A partnership with high-performance computing helps astrophysicists understand how stars explode.
Armed with the computational power of ORNL's National Leadership Computing Facility, now capable of 40 trillion calculations per second, computational astrophysicists with the ORNL-led TeraScale Supernova Initiative have made new scientific discoveries regarding the explosions of massive stars.
John Blondin of North Carolina State University and Tony Mezzacappa, TSI's leader and a corporate fellow in ORNL's Physics Division, used Blondin's computer code to produce a three-dimensional (3D) simulation of a core-collapse supernova on 5000 processors of NLCF's Cray X1E supercomputer. Their discoveries relate to the shock wave generated when a star collapses and the core's inner part rebounds into matter falling inward. They discovered that, in 3D as well as 2D simulations, the shock wave becomes unstable, and this "standing accretion shock instability" induces rotation in what was previously a spherically symmetric configuration.
"The SASI induces counter-rotating flows of stellar matter on the inside of the star," Mezzacappa explains. "As matter spins and accretes on the central object of the simulated star, the process deposits angular momentum on the central object, spinning it up. We started with no spin and our simulation generated an object that spins at tens of milliseconds—just like a pulsar, which is a rotating neutron star."
Scientists have known for some time that supernovae are dying stars reborn as neutron stars. Pulsars are like lighthouse beacons, but their pulses are radio waves rather than visible light. The TSI simulation provides a plausible mechanism for explaining how a supernova can morph into a newly born, fast-spinning pulsar after forming and flinging into space elements responsible for life on Earth.
"We predict that SASI, along with neutrino transport and the magnetic field from within the star, will affect how the shock wave generates the explosion," says Mezzacappa.
Blondin and Mezzacappa also found that 3D simulations of supernovae are far more realistic than 2D and 1D simulations. In a 1D simulation the only dimension is the radius. In a 2D simulation, the radius and latitude are the dimensions. A 3D simulation adds longitude. "In our multidimensional simulations we also take into account neutrino direction, neutrino energy, and time," Mezzacappa adds.
The 3D models run thus far at ORNL simulate only fluid dynamics. Mezzacappa and his colleagues plan to add neutrino transport, magnetic fields, and more realistic particle and nuclear physics to the models.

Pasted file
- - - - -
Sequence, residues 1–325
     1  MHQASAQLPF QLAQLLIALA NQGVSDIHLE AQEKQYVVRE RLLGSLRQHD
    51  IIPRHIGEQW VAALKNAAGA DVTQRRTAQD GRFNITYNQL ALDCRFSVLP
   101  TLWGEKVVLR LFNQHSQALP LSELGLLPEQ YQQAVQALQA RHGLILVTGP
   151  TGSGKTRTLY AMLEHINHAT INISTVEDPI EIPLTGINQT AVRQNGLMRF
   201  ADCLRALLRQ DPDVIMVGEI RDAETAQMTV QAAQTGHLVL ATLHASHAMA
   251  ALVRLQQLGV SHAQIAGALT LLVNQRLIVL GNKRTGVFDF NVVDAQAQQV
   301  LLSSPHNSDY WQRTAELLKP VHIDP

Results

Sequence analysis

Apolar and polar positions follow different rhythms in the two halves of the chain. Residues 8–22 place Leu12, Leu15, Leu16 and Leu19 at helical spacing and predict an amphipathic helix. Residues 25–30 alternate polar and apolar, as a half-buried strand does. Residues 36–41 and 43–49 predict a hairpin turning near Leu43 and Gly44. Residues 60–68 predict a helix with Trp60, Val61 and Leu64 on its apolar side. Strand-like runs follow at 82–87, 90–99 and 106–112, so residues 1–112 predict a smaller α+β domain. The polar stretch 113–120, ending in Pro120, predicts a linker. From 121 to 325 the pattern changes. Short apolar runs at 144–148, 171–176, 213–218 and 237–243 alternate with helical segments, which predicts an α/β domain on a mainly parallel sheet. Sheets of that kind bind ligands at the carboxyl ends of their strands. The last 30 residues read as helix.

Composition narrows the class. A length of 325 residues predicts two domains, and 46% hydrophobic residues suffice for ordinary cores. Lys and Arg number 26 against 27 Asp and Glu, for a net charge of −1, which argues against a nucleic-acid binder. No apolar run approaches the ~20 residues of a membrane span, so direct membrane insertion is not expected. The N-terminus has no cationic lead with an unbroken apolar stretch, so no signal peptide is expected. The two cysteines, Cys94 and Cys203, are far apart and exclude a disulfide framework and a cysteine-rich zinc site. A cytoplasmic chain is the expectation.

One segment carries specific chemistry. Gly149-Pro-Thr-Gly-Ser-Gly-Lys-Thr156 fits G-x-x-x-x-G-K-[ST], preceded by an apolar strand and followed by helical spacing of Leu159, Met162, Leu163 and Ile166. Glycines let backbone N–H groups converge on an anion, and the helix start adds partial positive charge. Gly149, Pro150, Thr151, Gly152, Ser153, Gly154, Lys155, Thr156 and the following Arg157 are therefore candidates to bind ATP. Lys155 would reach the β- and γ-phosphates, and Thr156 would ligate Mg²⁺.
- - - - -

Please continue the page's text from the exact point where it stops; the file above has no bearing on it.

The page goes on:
ORNL's Raphael Hix, who was recently selected for the 2006 Young Investigator Award by Sigma Xi, The Scientific Research Society, has shown that understanding reactions involving neutrinos and nuclei in supernovae can help astrophysicists get a better grasp on both how shock waves disrupt the star and which chemical elements are formed in the process. During core collapse, electrons captured by nuclei slam protons, resulting in the emission of electrically neutral, almost massless neutrinos. These events significantly affect the location of the birth of the shock wave.
During the explosion, neutrinos are also involved in nucleosynthesis—the formation of new elements in varying abundances in supernovae, including many elements found in our bodies and our planet. Proper consideration of the neutrinos interacting with nuclei in the outer layers results in predicted nuclear compositions much more like those observed.
TSI is a five-year research program funded by the Department of Energy. The proposed, five-year Petascale Supernova Initiative will include at least 37 investigators from 15 universities and 4 DOE national laboratories, led by ORNL.
The initiative's proposal is to simulate supernovae even more realistically by developing codes that will run on NLCF's planned petascale supercomputer—a machine that would make a thousand trillion calculations per second—in about three years. What has not been promised is a real supernova in our Galaxy, which would supply observational data to neutrino and gravitational wave detectors on Earth that could be used to validate the astrophysicists' codes. To better understand stellar death and rebirth, researchers are wishing for a star.
Web site provided by Oak Ridge National Laboratory's Communications and External Relations